The casting by Mary Selway and Fiona Weir is superb in its large ensemble with several actors standing out. Among them are Ousmane Thiam as Killick's cooking assistant, Mark Lewis Jones as Mr. Hogg, Joseph Morgan as the carpenter William Warley, Bryan Dick as Warley's friend Nagle, Richard McCabe as the ship's other surgeon Mr. Higgins, and Chris Larkin as the Marine captain Howard. Billy Boyd, known many as Pippin of the Lord of the Rings trilogy, is very good as the ship's no-nonsense coxswain Barrett Bonden while George Innes is really good as paranoid Joe Plaice. Lee Ingleby is fantastic as the tortured midshipman Hollom while Max Benitz is excellent as the young Calamy. Robert Pugh is wonderful as the ship's sailing master Mr. Allen while Max Pirkis is brilliant as the young Blakeney, a young boy who is both a fighter like Captain Aubrey but also a sensitive naturalist like Maturin. James D'Arcy is also brilliant as Lt. Pullings, a young officer who tries to maintain order while learning from someone as complex as Aubrey.

Paul Bettany is superb in what is truly an outstanding supporting role as Stephen Maturin, the ship's surgeon and naturalist. Bettany's calm, sensitive performance is wonderfully understated while he does show emotion in intense scenes he has with Russell Crowe where the two have a great sense of rapport with each other. Russell Crowe is brilliant as Captain Jack Aubrey with a towering, larger-than-life persona that is complex in its presence. Crowe's performance is also understated in some places of how he treats his crew and officers quite equally with a bit of humor and playfulness. Crowe, who is often very serious in his performances, here loosens up a bit while proving to be an adept violinist in his scenes with Bettany, who plays cello that shows the great rapport between the two.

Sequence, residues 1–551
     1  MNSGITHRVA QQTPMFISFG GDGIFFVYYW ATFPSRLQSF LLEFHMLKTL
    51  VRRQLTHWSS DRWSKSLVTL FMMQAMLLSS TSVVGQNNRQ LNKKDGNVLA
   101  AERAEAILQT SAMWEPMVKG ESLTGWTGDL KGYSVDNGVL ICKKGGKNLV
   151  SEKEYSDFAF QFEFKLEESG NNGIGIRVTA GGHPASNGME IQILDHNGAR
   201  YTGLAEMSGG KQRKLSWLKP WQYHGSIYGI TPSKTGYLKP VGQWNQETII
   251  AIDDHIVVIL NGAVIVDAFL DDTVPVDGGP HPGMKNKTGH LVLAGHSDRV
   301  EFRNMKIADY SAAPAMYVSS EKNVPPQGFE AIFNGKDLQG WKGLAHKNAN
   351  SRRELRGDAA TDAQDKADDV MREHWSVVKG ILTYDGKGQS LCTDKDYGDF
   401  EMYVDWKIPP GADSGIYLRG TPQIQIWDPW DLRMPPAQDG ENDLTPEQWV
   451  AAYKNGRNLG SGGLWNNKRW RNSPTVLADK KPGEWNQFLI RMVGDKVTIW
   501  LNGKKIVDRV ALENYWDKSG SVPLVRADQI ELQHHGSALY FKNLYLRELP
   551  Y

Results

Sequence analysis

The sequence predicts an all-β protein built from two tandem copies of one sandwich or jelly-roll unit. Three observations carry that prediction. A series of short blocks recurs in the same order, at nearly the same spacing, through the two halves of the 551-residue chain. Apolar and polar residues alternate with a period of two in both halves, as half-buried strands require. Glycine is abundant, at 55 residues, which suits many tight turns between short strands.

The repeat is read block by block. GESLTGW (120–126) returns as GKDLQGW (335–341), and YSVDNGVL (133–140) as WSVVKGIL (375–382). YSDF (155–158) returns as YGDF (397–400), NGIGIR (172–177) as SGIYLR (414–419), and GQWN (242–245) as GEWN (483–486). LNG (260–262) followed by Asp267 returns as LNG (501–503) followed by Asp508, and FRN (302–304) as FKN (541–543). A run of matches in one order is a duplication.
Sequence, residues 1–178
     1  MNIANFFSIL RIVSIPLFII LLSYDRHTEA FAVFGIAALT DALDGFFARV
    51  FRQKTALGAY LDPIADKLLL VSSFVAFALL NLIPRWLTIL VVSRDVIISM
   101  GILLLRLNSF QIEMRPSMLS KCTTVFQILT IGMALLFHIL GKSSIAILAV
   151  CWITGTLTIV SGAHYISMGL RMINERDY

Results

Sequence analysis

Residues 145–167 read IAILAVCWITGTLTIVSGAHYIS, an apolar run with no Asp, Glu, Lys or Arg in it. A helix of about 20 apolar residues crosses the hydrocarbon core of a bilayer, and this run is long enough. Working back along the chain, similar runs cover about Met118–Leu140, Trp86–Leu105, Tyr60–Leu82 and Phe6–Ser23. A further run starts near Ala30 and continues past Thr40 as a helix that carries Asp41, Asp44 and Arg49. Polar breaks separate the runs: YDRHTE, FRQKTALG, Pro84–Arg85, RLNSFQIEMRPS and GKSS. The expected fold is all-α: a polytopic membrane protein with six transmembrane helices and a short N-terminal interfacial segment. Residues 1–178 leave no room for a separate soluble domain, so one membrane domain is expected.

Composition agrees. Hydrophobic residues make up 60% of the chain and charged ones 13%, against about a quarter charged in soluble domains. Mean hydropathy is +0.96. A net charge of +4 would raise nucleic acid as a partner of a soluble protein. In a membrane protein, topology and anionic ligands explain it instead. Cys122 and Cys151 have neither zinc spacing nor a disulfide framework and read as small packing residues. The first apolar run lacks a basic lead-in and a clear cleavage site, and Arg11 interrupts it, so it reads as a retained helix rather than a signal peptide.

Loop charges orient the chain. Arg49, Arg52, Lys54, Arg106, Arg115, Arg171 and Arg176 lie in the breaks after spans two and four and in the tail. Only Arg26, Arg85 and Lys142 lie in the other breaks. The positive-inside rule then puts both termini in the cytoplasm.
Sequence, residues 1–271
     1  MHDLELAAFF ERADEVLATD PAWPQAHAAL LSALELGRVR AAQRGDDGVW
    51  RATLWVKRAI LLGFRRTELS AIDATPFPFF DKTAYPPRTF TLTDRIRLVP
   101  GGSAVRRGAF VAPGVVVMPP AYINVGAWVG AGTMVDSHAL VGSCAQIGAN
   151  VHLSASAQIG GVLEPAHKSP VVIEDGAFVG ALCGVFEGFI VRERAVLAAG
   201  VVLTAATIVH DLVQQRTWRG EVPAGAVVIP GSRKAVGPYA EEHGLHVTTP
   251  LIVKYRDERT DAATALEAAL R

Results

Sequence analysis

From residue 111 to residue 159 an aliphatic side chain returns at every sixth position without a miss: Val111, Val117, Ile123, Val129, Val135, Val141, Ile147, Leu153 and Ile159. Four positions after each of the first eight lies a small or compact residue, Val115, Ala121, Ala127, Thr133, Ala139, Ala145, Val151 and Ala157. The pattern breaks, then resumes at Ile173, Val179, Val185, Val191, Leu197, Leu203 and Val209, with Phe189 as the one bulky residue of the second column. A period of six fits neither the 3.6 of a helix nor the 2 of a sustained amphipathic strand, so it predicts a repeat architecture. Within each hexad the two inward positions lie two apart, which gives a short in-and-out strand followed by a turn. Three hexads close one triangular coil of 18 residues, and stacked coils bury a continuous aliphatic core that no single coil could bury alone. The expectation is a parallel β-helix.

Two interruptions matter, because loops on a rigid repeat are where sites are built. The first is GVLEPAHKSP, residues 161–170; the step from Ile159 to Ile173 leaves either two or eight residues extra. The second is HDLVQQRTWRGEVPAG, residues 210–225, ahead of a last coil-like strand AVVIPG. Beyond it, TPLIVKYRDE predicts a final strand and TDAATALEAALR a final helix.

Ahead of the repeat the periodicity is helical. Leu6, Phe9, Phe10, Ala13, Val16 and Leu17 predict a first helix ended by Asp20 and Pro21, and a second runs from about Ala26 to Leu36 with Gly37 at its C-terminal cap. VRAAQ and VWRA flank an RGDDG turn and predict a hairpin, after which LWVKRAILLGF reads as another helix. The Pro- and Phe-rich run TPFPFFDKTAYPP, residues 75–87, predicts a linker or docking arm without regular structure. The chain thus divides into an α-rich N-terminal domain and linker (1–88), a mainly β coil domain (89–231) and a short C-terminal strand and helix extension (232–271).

Master and Commander: The Far Side of the World is a sprawling yet spectacular film from Peter Weir featuring great performances by Russell Crowe and Paul Bettany. Fans of Weir's work will no doubt see this as one of his finest while it also features what is probably Russell Crowe's best work as an actor. Fans of naval combat films will definitely be amazed for its complexity as well as camaraderie between officers and crew. Even as the film is something worth revisiting for those who missed it the first time around when it was released in late 2003. It is a rare big-budgeted Hollywood film that is both filled with substance and style while being entertaining and insightful. In the end, Master and Commander: The Far Side of the World is a mesmerizing yet epic film from Peter Weir and company.

Peter Weir Films: (The Cars That Ate Paris) - Picnic at Hanging Rock - (The Last Wave) - (Gallipoli) - (The Year of Living Dangerously) - (Witness) - (The Mosquito Coast) - Dead Poets Society - (Green Card) - (Fearless) - (The Truman Show) - The Way Back

(C) thevoid99 2011

2 comments:

CS said...

The first time I saw this film, I hated it. Thought it was slow and uninteresting (probably did not help that I saw it late at night). Yet I have watch the film a couple of times since and have really falling in love with it. Weir does such an outstanding job with his direction. The subtleties really come through on repeat viewing. I also think that this is Bettany's best performance to date.

thevoid99 said...

Yeah, I wasn't into the film at first when I first saw it. Then I saw it again and again through scattered viewings. Then after seeing it again, I realized that it's a one-of-a-kind movie that rarely gets seen. I also agree with you on Paul Bettany as well. They don't make films like this.

More props to Peter Weir and I highly anticipate The Way Back.